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Old April 1, 2013, 12:44 AM   #50
Frank Ettin
Join Date: November 23, 2005
Location: California - San Francisco
Posts: 8,750
Originally Posted by peacefulgary
If the can't pull a 12 pound trigger on a revolver then I seriously doubt they will be able to quickly perform a failure drill on an autoloader.
And they will most likely have a problem with limpwristing their pistol.

Besides, even though it is certainly not ideal, they can always shoot the revolver single action.

I've trained quite few newbies, but I've never met one who couldn't shoot a revolver DA.
Thanks for the response. But --
  1. As an NRA certified instructor for the last several years I've worked with a group putting on monthly NRA Basic Handgun classes. In that time, we've trained several hundred people, almost all of whom were complete beginners. Roughly 30% have been women.

  2. As part of our class students, after shooting the qualification with .22s have the opportunity to shoot a couple 9mm auto-loaders, a couple .40 S&W auto-loaders, a couple .45 ACP auto-loaders and revolvers in both .38 Sp/.357 Magnum and .44 Sp/.44 Magnum. We've never had anyone display "limp wristing" problems. We've had a number of students, both men and women, who had difficulty with the DA pulls on the DA revolvers (and also on the DA/SA semi-autos).

  3. As for using a DA revolver in SA mode, here's what pax (Kathy Jackson) wrote in post 6:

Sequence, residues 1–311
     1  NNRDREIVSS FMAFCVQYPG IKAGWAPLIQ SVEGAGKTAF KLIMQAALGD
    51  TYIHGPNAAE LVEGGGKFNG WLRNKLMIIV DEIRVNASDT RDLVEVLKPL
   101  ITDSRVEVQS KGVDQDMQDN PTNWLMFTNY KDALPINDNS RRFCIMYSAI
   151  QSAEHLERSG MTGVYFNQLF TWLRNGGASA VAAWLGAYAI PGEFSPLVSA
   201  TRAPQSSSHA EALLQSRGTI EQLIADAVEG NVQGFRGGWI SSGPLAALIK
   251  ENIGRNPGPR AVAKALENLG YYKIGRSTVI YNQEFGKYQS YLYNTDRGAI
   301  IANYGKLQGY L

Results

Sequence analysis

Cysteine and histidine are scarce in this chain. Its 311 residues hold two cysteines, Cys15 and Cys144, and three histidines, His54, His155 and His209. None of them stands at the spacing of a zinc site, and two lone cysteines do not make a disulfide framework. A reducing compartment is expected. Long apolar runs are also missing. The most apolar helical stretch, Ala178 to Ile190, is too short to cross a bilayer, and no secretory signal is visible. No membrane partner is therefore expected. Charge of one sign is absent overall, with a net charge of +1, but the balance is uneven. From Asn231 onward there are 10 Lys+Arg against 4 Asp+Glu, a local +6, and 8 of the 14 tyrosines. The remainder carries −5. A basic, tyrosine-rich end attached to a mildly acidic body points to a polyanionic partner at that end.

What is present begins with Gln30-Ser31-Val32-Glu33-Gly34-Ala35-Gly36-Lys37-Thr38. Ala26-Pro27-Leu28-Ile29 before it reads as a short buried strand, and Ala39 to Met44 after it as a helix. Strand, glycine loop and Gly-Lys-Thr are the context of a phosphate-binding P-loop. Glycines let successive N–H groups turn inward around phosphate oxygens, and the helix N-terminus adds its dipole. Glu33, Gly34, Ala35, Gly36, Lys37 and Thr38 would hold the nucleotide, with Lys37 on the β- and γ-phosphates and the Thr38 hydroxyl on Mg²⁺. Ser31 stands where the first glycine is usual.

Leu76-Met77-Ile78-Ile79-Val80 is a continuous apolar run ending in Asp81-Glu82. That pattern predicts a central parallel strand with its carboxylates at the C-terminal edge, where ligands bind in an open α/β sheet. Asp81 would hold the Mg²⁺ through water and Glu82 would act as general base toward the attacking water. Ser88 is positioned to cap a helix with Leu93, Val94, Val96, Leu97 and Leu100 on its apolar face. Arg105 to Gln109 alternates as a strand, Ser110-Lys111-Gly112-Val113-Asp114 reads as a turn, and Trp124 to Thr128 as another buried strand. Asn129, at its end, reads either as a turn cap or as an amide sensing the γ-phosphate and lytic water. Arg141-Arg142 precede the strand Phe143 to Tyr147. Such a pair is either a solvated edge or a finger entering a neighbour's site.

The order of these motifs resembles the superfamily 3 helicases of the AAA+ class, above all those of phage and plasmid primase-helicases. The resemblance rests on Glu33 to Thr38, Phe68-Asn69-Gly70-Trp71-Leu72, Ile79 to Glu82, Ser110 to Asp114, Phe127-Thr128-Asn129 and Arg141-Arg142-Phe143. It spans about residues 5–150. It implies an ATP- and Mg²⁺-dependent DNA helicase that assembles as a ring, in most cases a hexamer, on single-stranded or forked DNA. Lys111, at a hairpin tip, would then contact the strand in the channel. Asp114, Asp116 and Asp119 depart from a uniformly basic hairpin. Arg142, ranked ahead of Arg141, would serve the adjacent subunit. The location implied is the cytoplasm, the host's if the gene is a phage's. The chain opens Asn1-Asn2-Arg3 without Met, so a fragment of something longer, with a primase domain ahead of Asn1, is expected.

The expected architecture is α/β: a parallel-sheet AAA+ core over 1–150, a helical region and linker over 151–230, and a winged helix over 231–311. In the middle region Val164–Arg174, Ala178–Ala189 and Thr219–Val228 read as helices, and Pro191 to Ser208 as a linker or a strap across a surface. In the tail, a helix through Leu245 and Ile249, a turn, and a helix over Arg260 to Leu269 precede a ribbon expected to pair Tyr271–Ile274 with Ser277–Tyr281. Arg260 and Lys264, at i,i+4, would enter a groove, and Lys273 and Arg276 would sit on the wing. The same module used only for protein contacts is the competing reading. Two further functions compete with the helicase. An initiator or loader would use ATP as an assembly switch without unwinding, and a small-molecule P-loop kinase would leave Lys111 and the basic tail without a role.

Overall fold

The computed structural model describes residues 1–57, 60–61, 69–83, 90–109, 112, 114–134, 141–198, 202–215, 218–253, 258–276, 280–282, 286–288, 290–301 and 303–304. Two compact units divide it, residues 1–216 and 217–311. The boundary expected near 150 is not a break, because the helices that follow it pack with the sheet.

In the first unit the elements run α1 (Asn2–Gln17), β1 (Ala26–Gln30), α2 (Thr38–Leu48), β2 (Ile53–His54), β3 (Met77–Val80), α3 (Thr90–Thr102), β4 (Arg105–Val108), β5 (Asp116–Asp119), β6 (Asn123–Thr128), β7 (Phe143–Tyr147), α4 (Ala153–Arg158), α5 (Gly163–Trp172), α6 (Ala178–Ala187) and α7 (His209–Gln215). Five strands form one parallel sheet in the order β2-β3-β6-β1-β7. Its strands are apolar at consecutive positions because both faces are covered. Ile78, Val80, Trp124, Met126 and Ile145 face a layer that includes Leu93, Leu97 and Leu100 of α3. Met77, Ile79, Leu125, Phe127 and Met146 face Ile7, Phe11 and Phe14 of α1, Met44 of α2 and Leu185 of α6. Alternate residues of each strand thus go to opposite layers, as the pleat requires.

Originally Posted by pax
    ...(Lots of reasons not to use revolver in SA mode for self-defense -- safety and speed the most important of those.)....
    Ms. Jackson is certainly a recognized expert in training women in defensive handgun use.

  4. Pressing a long, heavy trigger on a revolver and performing a failure drill on an auto-loader are completely different physical acts, and one's ability or inability to do one can not be considered predictive of one's ability or inability to do the other. There are revolvers whose triggers cause me difficulties, but I can do failure drills on an auto-loader just fine.

  5. The first order of business is to get the student to be able to shoot reliably and accurately. Failure drills come somewhat down on the list.
"It is long been a principle of ours that one is no more armed because he has possession of a firearm than he is a musician because he owns a piano. There is no point in having a gun if you are not capable of using it skillfully." -- Jeff Cooper
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